The UK federal government is eager to expand the scope of its experiment for the return of fans to arenas and is said to be open to allowing Wembley to utilise its full 90,000 capacity for this summer’s European Championship. Supporters have being gradually reintroduced to stadiums around the country, with the FA Cup semi-final and final serving as special trial events, in addition to each Premier League team hosting about 10,000 fans for their last home video game of the season.

These trial events have also included larger cultural events such as the Brit Awards, the World Snooker Championships, and even a London nightclub, and as stated by the Evening Standard, just 15 positive instances of COVID-19 have been linked to the 58,000 persons who attended the events.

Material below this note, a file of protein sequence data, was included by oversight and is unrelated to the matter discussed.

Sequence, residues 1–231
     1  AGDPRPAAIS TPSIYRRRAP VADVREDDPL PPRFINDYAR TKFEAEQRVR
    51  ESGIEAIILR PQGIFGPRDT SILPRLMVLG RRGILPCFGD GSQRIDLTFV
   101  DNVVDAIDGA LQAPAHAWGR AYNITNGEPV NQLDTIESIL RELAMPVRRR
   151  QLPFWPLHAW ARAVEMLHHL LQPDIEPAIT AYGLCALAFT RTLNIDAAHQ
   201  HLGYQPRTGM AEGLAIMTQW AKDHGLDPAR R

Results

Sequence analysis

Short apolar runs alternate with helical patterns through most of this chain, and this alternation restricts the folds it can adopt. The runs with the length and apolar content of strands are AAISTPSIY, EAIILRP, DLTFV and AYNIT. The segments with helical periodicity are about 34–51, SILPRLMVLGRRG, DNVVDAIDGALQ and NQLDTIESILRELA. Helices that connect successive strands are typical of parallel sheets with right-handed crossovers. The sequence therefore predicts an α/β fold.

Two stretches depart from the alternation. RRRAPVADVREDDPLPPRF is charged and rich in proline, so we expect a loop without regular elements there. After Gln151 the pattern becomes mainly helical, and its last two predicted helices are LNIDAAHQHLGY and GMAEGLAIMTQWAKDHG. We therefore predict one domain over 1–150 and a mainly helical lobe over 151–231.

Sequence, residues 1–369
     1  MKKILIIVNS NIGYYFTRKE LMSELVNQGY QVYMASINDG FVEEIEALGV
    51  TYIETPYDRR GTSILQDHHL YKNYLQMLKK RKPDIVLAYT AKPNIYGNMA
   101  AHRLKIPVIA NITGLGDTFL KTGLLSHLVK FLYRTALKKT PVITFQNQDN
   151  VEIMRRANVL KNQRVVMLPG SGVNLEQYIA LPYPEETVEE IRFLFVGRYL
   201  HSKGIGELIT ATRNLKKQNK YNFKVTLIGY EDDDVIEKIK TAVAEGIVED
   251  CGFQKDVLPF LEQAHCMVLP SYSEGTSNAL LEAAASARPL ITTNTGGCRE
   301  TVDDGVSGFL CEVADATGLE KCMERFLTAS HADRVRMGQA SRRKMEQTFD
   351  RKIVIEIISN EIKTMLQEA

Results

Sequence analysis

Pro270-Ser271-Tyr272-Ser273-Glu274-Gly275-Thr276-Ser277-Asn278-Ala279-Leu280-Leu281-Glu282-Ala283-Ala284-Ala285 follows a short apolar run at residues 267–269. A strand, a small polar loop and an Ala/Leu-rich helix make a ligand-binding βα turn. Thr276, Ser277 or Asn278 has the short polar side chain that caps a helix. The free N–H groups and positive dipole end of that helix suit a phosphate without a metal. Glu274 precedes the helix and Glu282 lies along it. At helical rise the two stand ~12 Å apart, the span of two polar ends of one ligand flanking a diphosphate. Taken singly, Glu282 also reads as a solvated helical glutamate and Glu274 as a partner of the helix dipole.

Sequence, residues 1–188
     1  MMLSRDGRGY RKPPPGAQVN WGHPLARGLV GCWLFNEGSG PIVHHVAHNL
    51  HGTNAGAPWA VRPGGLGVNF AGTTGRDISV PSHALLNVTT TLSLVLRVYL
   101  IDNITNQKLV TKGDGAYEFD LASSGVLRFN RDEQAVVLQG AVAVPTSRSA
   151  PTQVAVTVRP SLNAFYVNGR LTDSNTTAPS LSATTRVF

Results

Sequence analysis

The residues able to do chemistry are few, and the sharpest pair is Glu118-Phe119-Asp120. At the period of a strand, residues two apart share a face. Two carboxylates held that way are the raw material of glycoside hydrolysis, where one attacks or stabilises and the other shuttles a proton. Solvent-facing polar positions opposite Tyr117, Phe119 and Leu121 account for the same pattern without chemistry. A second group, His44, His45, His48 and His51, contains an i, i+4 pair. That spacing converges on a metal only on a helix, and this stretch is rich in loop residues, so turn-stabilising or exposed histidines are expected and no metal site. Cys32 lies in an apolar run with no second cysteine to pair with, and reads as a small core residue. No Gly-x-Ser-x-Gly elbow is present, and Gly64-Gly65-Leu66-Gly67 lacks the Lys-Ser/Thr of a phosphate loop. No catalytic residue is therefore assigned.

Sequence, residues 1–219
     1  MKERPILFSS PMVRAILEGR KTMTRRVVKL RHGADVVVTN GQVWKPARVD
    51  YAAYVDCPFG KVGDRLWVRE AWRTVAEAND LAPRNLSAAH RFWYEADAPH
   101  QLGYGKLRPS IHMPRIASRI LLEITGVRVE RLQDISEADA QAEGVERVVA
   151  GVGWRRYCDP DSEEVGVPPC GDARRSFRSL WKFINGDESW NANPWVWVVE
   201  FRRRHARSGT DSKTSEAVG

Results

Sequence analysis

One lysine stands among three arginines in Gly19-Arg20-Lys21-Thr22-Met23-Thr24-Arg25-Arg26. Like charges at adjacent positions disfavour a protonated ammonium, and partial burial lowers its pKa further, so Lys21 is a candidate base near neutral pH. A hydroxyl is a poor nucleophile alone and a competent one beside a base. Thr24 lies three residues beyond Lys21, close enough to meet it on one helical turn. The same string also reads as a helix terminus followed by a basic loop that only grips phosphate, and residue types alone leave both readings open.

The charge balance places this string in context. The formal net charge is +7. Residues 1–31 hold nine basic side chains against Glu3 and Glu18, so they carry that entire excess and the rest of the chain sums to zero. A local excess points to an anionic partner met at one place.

Culture Secretary Oliver Dowden said that the federal government now intends to hold larger test events at prominent sites, and the paper notes that Wembley has been designated as a facility capable of hosting a large audience. It has been proposed that Wembley’s Euro 2016 games might be played in front of the whole 90,000-strong crowd even before the federal government relaxes its social distancing laws on 21 June – if all goes according to plan prior to that date.

Wembley has already confirmed that it is capable of accommodating a minimum of 22,500 supporters, but the FA intends to continue conversations with the government about boosting that figure ahead of the deadline for verifying its overall capacity in early June.

The stadium will host England’s last three group stage matches against Croatia (13 June), Scotland (18 June), and the Czech Republic (22 June), before ramping up its involvement in the knockout stages.


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